Do you have ‘rizz’, the Oxford Word of the Year?

The slang term came out on top of a shortlist which included Swiftie, prompt and situationship.

Dec 05, 2023, updated Dec 05, 2023
He hasn't got it, but Spider-Man star Tom Holland helped spark interest in the slang term rizz. Photo: AAP

He hasn't got it, but Spider-Man star Tom Holland helped spark interest in the slang term rizz. Photo: AAP

Rizz, a slang term used by Generation Z to describe romantic charm, has been crowned the Oxford Word of the Year for 2023.

The word is believed to be a shortened form of charisma and is described by the Oxford University Press as a colloquial noun, defined as style, charm, or attractiveness or the ability to attract a romantic or sexual partner.

It can also be used as a verb in phrases such as “to rizz up”, which means to attract, seduce, or chat up (a person).

A shortlist of eight words was narrowed down by the public over a four-day voting period until four words were chosen: rizz, Swiftie, prompt, and situationship.

Language experts considered factors including the public commentary around the words to make the final decision.

Oxford University Press said use of the word rizz increased this year, peaking in June when Spider-Man actor Tom Holland said in an interview: “I have no rizz whatsoever, I have limited rizz.”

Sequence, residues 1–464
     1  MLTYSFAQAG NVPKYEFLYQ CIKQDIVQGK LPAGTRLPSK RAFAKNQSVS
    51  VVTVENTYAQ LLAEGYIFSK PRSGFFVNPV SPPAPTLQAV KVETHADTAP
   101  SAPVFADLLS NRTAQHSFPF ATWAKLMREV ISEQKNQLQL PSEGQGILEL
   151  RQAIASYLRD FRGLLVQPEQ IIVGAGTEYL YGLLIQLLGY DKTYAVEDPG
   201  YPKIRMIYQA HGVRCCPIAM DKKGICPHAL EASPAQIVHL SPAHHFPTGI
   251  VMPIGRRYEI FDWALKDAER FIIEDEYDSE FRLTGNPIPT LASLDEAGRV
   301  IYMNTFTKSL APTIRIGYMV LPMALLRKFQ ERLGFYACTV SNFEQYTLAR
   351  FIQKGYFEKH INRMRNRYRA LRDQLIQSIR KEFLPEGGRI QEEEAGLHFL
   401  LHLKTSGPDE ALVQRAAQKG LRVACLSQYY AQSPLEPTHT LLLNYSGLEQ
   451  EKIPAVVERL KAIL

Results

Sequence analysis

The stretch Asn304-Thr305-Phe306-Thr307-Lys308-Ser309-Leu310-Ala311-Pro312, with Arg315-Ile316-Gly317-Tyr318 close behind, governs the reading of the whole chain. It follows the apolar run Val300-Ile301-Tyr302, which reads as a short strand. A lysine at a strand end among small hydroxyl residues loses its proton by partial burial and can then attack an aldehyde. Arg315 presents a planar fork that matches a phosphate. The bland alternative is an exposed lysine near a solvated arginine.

Rizz is the latest in “word of the year” announcements by leading dictionaries. Last month Merriam-Webster named “authentic” as its most looked up word and the Macquarie Dictionary went with “cozzie livs” for 2023.

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Last year’s Oxford Word of the Year was goblin mode, meaning a type of behaviour that is unapologetically self-indulgent, lazy, slovenly, or greedy.

Oxford Languages president Casper Grathwohl said given that goblin mode resonated with so many following the pandemic, it was interesting to have a word like rizz come to the forefront.

“Rizz is a term that has boomed on social media and speaks to how language that enjoys intense popularity and currency within particular social communities, and even in some cases lose their popularity and become passé, can bleed into the mainstream,” he said.

“The spike in usage data for rizz goes to prove that words and phrases that evolve from internet culture are increasingly becoming part of day-to-day vernacular and will continue to shape language trends in the future.”


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